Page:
Monday, February 17, 2014

Java Noun Land


I was reading Steve Yegge’s post about Java Noun land. I was unable to comment in his post, I guess it’s too old, I’m too old or whatever.

I understand what he was talking about, I think the point was missed.

When taking out the garbage, their could be two approaches.

The User could have a function called User.TakeOut(garbage gc)

The Garbage could know how to remove itself Garbage.TakeOutBy(User u)

Or their could be an abstract function called Util.TakeOut (Doer do, Doee on)

This could then be utilized by any item wanting to be taken out, you could build a Utils library of verbs. Java core developers were afraid this would be too hard to maintain on large projects with novice programmers I think. So what they did was come up with Generics. Generics allows one to Write User.TakeOut<T>(T toremove) but the verb still belongs to User.

I see the point. We all do:

We all have Common modules, that include utility functions, very hard to attach to verbs. Stringutils class with static methods that are “kind” built for strings.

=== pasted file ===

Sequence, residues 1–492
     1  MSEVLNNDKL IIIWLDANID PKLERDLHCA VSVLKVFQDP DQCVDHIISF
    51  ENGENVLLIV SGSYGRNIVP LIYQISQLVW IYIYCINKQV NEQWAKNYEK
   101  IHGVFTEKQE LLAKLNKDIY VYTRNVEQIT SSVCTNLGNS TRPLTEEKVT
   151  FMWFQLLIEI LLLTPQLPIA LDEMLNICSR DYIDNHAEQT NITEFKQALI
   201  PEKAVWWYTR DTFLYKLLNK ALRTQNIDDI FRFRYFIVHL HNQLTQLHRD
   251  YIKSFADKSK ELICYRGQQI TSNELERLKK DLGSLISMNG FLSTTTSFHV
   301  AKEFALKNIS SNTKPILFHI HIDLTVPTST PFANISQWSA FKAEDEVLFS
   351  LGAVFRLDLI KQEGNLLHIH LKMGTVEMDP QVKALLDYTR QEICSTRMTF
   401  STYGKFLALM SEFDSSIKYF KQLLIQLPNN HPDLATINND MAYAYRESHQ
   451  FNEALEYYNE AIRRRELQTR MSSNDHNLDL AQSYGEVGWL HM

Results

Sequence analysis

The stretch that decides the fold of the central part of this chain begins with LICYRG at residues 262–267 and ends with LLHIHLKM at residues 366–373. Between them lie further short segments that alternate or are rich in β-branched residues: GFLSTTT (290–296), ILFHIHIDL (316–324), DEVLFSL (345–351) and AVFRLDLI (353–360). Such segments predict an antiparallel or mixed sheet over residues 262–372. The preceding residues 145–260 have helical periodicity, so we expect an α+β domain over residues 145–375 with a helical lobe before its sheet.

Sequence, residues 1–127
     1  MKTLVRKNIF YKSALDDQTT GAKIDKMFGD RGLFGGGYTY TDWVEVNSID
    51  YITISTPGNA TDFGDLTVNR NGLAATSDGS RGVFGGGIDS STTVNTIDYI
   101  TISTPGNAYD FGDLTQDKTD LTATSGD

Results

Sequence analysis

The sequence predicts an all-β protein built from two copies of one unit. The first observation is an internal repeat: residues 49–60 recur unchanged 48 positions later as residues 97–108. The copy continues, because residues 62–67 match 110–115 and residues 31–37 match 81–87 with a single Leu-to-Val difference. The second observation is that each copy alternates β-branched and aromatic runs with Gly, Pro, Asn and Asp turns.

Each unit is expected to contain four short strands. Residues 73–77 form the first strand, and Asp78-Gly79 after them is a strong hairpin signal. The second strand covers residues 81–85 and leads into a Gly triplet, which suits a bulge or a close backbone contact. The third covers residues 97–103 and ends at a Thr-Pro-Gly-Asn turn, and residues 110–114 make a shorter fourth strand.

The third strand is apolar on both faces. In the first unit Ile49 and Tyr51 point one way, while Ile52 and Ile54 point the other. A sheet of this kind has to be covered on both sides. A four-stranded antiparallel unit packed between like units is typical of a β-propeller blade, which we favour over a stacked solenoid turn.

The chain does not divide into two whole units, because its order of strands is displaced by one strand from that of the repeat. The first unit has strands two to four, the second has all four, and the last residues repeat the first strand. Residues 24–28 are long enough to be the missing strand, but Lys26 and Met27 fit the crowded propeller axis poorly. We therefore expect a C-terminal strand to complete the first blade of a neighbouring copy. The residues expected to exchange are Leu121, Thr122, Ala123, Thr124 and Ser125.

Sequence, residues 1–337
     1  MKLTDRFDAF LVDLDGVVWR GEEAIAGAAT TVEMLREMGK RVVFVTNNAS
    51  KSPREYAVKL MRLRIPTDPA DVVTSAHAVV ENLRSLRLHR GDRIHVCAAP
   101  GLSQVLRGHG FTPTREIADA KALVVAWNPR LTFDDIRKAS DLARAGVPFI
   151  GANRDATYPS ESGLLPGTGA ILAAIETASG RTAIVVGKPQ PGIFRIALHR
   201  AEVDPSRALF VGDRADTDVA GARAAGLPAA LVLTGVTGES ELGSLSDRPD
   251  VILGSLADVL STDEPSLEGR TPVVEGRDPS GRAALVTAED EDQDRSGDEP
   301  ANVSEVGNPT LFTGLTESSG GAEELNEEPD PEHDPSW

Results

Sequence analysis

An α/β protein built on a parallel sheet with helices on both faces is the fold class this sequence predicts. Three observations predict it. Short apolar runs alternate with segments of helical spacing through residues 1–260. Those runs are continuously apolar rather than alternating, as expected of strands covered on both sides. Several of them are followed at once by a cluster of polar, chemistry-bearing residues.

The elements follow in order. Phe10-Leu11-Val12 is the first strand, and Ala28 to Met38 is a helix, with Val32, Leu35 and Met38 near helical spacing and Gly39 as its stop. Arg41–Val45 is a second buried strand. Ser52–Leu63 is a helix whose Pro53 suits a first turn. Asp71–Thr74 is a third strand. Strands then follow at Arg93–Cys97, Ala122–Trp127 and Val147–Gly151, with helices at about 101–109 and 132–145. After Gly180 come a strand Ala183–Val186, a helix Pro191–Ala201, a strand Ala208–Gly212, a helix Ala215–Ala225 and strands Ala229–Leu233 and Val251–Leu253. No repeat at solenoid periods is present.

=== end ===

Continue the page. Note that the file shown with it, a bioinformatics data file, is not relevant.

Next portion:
but a string is an array , so maybe Find<T[]>(T what) is more fitting to be put in ArrayUtils?

This is a conceptual decision and I have had to face them all my development life.(but since I have been programming since age of 13,14 I guess one can say my entire life)

C# has been using Delegates and Lambda, anonymous function etc. for a few versions now and I think for the optimal methodology it is the les rigid (Java guys don’t kill me here) of the languages.


I am currently researching NodeJS and IMHO C# could implement a working NodeJS architecture in its sleep with one hand tied behind its back. But would it be as efficient?

I don’t know….

What I like about C# is not the language somuch as the frameworks and stuff that I can just “use”. I hope the require modules willl be just as good in NodeJS.

Continuing with my research now. good day